Setting a model in exotic fruits cultivation

Planter grows fruit plants as an intercrop with coffee and cardamom

August 02, 2021 10:59 pm | Updated 10:59 pm IST - Kalpetta

Kuruvila Joseph, 69, of Tharappel, a progressive planter at Meppadi in Wayanad district, has set a successful model in cultivating exotic fruits such as lychee, rambutan and mangosteen.

Mr. Joseph turned to exotic fruits cultivation after the massive destruction of pepper vines on his plantation a few decades ago.

The low cost of cultivation and maintenance, lower incidence of pest and disease attacks comparing to pepper vines are the major advantages of fruit cultivation in the district, Mr. Joseph said.

He is cultivating the fruit plants as an intercrop with coffee and cardamom.

Seasonal difference

The seasonal difference in the harvest of the fruits is an added advantage to the farmers in the district. May to June is the right season for lychee harvesting in other parts of the country but the fruit becomes ready for harvest in Wayanad by the middle of December, he said.

This difference would help farmers fetch a premium price for their produce, he said. As the temperate climate and fertile soil in the hill district are quite suitable for the growth of exotic fruit plants, the cultivation will help provide a sustainable income to farmers, he added.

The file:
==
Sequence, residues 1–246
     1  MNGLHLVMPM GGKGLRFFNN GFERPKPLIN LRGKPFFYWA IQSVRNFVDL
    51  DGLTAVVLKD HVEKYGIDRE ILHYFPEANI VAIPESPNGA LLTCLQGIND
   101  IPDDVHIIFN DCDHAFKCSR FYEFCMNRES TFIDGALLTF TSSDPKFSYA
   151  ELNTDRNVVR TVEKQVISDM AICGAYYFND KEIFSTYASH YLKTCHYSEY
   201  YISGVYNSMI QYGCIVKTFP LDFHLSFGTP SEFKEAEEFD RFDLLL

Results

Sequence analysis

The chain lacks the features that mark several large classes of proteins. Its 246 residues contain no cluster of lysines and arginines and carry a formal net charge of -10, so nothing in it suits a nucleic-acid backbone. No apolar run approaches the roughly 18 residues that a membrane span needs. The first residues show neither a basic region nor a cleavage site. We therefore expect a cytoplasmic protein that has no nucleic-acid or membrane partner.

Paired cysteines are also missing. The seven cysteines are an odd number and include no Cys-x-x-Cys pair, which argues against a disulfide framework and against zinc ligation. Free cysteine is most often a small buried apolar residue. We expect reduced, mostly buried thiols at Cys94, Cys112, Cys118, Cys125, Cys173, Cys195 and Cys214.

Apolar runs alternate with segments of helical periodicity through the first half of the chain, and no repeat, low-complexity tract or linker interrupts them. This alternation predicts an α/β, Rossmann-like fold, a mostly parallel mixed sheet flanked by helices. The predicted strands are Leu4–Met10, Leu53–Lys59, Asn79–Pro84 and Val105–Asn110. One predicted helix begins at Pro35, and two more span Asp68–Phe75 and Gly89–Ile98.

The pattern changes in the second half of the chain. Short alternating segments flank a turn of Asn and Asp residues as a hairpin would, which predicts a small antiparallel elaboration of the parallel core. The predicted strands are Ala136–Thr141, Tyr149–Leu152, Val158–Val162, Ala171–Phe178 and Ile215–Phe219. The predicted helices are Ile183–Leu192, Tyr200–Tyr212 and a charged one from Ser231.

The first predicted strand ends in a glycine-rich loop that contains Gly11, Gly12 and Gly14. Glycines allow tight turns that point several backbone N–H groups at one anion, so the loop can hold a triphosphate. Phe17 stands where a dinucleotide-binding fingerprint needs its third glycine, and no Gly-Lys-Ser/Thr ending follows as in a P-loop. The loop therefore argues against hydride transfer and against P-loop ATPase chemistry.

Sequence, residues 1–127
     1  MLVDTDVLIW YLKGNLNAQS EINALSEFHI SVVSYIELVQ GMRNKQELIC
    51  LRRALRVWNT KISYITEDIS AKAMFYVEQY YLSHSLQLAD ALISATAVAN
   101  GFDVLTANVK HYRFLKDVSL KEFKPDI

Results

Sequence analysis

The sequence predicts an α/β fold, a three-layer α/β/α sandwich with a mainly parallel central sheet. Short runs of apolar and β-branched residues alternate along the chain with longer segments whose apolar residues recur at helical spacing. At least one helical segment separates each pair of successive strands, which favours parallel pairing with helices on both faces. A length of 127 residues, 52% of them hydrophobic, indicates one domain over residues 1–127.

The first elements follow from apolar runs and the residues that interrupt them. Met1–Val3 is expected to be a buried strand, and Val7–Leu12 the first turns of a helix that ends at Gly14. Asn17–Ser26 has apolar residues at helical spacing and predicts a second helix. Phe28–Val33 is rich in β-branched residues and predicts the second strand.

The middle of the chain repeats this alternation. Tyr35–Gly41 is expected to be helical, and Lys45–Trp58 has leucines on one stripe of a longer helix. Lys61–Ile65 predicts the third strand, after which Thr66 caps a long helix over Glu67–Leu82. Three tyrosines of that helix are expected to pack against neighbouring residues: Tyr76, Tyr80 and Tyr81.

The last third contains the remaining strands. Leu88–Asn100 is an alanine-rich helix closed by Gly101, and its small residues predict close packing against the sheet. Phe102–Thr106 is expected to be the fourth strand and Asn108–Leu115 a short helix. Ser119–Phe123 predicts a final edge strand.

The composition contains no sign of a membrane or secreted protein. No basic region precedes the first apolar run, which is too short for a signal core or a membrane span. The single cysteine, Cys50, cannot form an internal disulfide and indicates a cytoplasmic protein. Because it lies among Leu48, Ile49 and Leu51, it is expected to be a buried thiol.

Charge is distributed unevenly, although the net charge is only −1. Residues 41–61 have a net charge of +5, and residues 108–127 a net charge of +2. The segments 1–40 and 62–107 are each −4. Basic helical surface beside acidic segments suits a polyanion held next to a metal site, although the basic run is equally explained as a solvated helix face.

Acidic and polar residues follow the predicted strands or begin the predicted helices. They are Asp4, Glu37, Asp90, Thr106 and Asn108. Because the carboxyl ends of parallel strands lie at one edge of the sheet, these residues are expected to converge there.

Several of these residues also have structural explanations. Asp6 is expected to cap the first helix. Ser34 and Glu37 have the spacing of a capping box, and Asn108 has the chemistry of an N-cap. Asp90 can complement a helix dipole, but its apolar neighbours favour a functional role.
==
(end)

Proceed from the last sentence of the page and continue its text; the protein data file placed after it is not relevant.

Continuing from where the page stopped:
“I have planted as many as 18 lychee plants on my orchard and I am getting an average of 200 kg of fruits from each plant,” he said adding that he was getting an average of ₹400 a kg.

He has also cultivated as many as 800 mangosteen plants and is getting an average of 50 kg of fruits from each 15-year-old plant. While farmers in other districts harvest the fruit from May to July, the harvest takes place in Wayanad from July to October.

While ryots in other districts get ₹120 to ₹150 a kg for the fruits, farmers in Wayanad get ₹300 to ₹350 a kg owing to the seasonal difference, he said.

His son Joseph K. Tharappel and his partner Maria Kidangalil sell the fruits after quality assurance under the brand Back To Roots through premium outlets of super markets in metros across the country after collecting them from farmers in the district at a premium price.

Mr. Joseph is also cultivating avocado, dragon fruit and pulasan on his plantation.

According to him, rambutan and mangosteen are better options for farmers owing to their long shelf life.

‘We have launched a farmer producer company named Wayanad Innovative Farmers Producing Company and we are planning to set up an exotic fruits auction centre to lend a hand to fruit farmers in the district at a later stage,” he said.

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